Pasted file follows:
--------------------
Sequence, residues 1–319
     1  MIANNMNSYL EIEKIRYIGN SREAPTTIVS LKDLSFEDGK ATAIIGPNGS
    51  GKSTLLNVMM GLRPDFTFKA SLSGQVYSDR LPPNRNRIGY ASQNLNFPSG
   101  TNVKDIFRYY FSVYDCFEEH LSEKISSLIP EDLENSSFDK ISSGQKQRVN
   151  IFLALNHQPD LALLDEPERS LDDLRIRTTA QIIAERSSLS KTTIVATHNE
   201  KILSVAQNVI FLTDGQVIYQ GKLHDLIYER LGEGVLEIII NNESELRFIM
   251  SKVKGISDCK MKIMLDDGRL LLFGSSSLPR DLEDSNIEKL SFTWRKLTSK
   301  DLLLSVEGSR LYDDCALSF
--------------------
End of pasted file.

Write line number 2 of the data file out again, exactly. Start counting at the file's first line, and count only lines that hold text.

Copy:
     1  MIANNMNSYL EIEKIRYIGN SREAPTTIVS LKDLSFEDGK ATAIIGPNGS